Dr. Fried relays the story of how patients often act with great moral compasses and often give at great cost to themselves. This guy was keeping a knife to kill himself if his pain ever overwhelmed him. He selflessly wanted his doctor to have it instead, for protection, in case she needed it. Dr. Fried treats the mentally ill with compassion because she's seen them suffer and also act courageously.
"The part that's hardest is the feeling you get when everyone is polite and says 'good morning' and 'good night' while the distance between you and them is getting wider and wider. The doctors say it's the fault of the sick one—my fault. If I were less anxious, they say, it would be easier for friendships to come, but that's easy to say. I don't think any of the doctors ever tried to break into a new group with a heavy stigma on their heads and having their first acceptance in that group hinge on pity or morbid fascination." (23.35)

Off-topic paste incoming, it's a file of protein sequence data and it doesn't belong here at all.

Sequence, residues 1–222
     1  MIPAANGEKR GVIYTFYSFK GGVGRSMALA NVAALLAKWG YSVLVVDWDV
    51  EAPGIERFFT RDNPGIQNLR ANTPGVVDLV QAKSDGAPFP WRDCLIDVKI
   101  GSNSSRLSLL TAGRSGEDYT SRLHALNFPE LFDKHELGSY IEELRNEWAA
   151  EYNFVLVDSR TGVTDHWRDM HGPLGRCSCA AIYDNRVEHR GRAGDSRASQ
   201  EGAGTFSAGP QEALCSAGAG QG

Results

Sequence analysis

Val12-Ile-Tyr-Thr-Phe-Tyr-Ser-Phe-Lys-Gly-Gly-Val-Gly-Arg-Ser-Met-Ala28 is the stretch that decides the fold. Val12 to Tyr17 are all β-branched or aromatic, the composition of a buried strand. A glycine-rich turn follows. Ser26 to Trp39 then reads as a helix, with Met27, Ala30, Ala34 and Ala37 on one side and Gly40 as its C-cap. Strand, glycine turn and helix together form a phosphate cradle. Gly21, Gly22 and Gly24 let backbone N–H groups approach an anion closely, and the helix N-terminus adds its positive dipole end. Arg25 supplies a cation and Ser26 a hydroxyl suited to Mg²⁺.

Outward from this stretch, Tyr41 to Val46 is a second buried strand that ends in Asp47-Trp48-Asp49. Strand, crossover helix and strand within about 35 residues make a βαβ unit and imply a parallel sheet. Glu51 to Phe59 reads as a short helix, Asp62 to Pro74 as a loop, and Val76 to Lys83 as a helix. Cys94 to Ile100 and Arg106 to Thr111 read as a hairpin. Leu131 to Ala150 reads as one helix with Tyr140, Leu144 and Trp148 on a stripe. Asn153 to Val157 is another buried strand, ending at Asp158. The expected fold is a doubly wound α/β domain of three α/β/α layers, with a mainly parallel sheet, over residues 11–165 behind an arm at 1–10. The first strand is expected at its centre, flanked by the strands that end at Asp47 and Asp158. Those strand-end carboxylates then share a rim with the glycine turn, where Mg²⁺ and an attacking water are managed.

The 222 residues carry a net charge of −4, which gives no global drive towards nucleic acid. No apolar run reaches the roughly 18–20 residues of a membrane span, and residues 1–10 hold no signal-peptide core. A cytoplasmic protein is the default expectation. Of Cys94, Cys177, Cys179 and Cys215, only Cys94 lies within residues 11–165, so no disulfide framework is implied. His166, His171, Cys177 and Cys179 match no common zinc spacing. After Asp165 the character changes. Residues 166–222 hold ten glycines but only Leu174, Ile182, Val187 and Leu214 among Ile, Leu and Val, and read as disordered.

Carla tells Deborah about the judgment the mentally ill face in the outside world once they're discharged from the hospital. It's hard to get close when you're nervous about how you're perceived, and when everyone's politeness seems forced.
"I could do away with bars on the windows," Carla said. Deborah wasn't sure. "The patients would have to be strong enough to stand it, first [...] Sometimes you have to fight what won't yield and put yourself where it's safe to be crazy." (26.15).
Deborah understands instinctively what she needs to get well. She shows this when she and Carla talk about what kind of hospital they would build if they could. Carla says hers wouldn't have bars on the windows, but Deborah opts to have bars, because in her mind, when people first fight mental illness, they aren't strong enough to have no safeguards. She herself needed to feel the safety of firm boundaries.